Two Fall Athletes Score Big!

Before we move on completely to the winter sports seasons, I just want to note a couple of great late season accomplishments and honors our students received. Sophia Lindus ’26 was named both Rookie of the Year and Player-Of-the-Year. A second team All-American, she was also named to the first team all conference squad (along with teammate Bella Ahearn ’23). Sophia had a remarkable year with a great team, and there is no telling how many awards she’ll rack up as a Cardinal over the years.

I’ve known Nick Helbig ’23 since he was a first-year student, and he shines in the classroom and on the football field. This year may have been his finest. He was singled out by the Gridiron Club of Greater Boston as the Defensive Player-of-the-Year for Divisions II-III in college football. NESCAC awarded him once again as the best defensive player in the conference, and he was named to the first team all conference squad, where he is joined by Logan Tomlinson ’22.

Congratulations to all our student/athletes. On to the winter seasons!

Happy Thanksgiving!

At Thanksgiving I like to express my gratitude to all those who make Wesleyan such an intense, innovative and joyful place. There is so much here to be thankful for this year—beginning with our ability to remain safely together on campus. With common sense precautions, we have been able to accomplish so much: from the Common Moment with the Class of 2026 to celebrating family and friends during Homecoming and Family Weekend, to theater and music productions. We look forward to ending the semester on a high note.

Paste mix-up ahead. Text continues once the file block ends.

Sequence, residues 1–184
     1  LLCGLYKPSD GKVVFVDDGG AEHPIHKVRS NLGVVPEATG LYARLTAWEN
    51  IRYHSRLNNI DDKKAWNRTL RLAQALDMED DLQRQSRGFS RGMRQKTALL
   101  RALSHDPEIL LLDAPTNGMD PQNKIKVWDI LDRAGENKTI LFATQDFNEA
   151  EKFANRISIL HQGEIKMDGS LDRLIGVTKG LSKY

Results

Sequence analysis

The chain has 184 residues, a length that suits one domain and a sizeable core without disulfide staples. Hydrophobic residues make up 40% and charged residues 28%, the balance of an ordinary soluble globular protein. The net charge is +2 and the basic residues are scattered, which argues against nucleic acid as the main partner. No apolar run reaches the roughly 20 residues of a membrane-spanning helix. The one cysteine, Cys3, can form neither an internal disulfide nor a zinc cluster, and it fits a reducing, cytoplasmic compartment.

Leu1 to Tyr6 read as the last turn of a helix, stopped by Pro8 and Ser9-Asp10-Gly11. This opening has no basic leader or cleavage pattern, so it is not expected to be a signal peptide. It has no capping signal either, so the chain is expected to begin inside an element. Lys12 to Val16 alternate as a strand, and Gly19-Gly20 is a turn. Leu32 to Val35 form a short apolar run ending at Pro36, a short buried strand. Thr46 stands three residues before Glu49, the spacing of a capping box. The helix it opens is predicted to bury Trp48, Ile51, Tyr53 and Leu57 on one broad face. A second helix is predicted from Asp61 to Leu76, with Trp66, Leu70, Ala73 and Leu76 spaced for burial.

I am always grateful for our faculty and staff contributions. They keep the campus humming with creative energy and contribute to the world around us. Their achievements are plentiful. Recent highlights that come to mind include the work of Alison O’Neil on Alzheimer’s disease, the efforts of Erika Franklin Fowler’s team at the Wesleyan Media Project, Roberto Saba’s award-winning American Mirror and the interdisciplinary efforts of the Carceral Connecticut Project.

I have been heartened, too, to see so many of our students taking an active role in the midterm elections by casting their ballots. As Gloria Steinem told us this summer during Commencement, “Diversity and democracy are like a tree, they grow not from the top down, but from the bottom up. And they are growing, and you are a part of that growing.” I am proud of how we keep diversity and democracy growing at Wesleyan!

Thank you to our students, faculty, and staff, all of whom allow Wesleyan to continue thriving. And thanks to our extended family around the world whose affection and support are vital to the university’s heath. Wishing you a wonderful Thanksgiving!

Hate, Words, Violence

The shooting at Club Q this weekend brings to mind other acts of terror against minority communities in recent years. Although we don’t yet know much about the motive of the gunman, we do know that the nightclub he attacked was a haven for the LBGTQ community in the Colorado Springs area. The sense of safety and community that such places provide has been deeply shaken. The enormous courage of customers and workers at the club prevented the massacre from being worse than it already was.

The investigation will continue of this latest mass shooting. Family and friends will tend to the injured and mourn those who perished. May their memory be a blessing.